How did we arrive at the financial mind-set we have today? How did that impact on our FIRE journey?
Our ‘About Us’ story tells you far more than you could possible want to know about why we became FIRE-seekers. And an awful lot about how we did it.
But it doesn’t really get into the underlying tale of why we took the path we did. With so many different ways to achieve FIRE, what made it the right choice for us?
How did we play the cards we’d been given to successfully (so far!) pull off this journey?
Like All Good Tales, Let's Start At The Beginning..
For many people it is easy to see why their attitude to money and finances is what it is. And often that stems from our upbringings.
What I find interesting is how most stories are either a tale of complete opposites or of repetition. Either learning from the experience and not wanting to repeat it – or seeing it succeed and adopting it for ourselves.
So – how about me?
My parents are both real salt-of-the-earth types. Smart but born in a time and of families when school beyond that which was mandatory wasn’t an option. Hard-working to a fault they’ve both held multiple jobs at once to make ends meet when starting out and buying their first home.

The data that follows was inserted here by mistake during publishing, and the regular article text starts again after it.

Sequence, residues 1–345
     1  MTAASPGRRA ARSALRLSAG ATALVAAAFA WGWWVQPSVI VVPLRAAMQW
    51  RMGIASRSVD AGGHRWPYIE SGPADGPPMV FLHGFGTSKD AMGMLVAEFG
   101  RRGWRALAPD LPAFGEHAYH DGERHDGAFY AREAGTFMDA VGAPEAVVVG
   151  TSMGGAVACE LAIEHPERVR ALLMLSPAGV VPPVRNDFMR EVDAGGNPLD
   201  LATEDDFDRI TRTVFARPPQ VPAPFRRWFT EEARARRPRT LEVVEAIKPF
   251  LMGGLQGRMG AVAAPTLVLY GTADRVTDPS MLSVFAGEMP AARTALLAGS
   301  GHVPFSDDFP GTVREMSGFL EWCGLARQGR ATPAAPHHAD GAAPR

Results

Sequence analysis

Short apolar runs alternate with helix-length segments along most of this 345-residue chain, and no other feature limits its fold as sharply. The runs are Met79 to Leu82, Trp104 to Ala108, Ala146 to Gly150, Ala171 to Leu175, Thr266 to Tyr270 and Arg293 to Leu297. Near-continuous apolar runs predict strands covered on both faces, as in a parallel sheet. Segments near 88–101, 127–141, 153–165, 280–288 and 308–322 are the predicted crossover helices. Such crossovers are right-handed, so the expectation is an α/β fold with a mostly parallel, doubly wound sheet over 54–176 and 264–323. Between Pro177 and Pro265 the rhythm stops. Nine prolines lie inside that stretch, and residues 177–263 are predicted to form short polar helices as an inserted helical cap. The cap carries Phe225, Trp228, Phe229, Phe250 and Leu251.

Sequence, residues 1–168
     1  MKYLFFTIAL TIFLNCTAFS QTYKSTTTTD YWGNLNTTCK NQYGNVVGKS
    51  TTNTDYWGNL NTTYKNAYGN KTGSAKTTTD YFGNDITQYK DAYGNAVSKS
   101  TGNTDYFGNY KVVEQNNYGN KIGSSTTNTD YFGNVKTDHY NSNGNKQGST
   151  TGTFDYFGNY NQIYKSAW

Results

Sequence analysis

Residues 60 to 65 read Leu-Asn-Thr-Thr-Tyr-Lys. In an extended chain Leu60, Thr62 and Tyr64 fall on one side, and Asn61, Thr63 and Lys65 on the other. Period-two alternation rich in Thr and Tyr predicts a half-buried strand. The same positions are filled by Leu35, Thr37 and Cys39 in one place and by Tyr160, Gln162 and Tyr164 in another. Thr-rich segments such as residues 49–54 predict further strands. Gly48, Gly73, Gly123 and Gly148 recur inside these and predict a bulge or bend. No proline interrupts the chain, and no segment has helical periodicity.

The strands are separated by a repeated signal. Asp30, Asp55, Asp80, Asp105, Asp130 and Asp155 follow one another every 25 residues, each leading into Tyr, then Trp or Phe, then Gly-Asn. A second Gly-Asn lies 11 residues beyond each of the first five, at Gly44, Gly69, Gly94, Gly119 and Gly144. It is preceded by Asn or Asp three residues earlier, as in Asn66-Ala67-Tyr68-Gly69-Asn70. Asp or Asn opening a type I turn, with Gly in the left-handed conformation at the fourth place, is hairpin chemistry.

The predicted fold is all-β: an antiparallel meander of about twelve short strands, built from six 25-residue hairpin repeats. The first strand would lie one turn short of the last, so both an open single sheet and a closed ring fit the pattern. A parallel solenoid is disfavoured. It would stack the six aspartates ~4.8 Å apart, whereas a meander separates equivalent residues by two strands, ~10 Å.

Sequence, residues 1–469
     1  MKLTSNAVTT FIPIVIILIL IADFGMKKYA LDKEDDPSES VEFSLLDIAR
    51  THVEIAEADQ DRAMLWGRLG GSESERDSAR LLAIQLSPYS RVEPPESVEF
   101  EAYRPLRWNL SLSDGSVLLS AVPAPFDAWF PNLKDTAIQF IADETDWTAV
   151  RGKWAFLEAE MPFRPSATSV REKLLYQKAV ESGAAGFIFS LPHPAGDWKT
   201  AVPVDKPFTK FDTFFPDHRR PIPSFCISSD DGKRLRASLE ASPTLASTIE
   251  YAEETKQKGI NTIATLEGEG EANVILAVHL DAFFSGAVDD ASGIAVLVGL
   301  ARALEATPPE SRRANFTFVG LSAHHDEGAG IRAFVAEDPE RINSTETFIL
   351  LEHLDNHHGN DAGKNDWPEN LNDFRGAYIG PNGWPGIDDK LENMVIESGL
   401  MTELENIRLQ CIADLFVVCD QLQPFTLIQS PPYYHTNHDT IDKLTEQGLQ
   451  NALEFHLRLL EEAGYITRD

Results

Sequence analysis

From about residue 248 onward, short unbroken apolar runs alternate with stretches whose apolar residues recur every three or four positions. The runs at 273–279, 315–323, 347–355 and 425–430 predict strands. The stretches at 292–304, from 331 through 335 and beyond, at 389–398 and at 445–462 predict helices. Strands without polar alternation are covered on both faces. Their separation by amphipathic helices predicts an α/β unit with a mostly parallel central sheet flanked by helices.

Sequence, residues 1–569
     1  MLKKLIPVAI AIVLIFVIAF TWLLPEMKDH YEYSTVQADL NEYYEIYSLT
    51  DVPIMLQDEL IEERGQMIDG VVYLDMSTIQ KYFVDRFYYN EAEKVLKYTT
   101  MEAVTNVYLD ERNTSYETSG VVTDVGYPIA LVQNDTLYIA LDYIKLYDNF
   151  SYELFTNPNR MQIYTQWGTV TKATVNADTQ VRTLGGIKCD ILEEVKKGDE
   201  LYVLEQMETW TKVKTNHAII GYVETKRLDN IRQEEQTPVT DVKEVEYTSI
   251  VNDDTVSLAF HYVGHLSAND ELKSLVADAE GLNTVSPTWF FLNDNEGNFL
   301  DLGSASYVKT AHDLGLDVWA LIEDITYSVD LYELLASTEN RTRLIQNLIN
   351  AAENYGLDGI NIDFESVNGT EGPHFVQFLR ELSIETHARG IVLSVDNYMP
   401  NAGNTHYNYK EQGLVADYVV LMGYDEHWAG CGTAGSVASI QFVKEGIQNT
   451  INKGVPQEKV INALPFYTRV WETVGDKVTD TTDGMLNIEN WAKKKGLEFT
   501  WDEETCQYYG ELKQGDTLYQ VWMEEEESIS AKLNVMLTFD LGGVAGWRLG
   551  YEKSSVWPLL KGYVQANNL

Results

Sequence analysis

It paid off as they slowly but surely worked their way through life. A very typical story of both the time and the rural village we grew up in.
My mum would find any job she could that allowed her to still look after myself and my younger sister. I have some strange memories of being sent to play in the church pews whilst she cleaned each week!
My dad worked long days at the local poultry services firm. Working his way up from basic cleaning duties and into mechanical repairs, eventually running the whole engineering/repairs side of the business.
Financially, my mum would run the budget in our family. Keeping a close eye on everything in a meticulously maintained book. Keeping what was needed from the weekly pay packets.
My parents didn’t do debt beyond a mortgage. But as things became easier financially they didn’t do saving or investing either. A basic pension was about their limit.
Although there was never a lot of spare cash, what there was they enjoyed. They did and still do spend money as soon as they have it. If they don’t have it, they wait until they do. Neither of them ever into delayed gratification as a concept!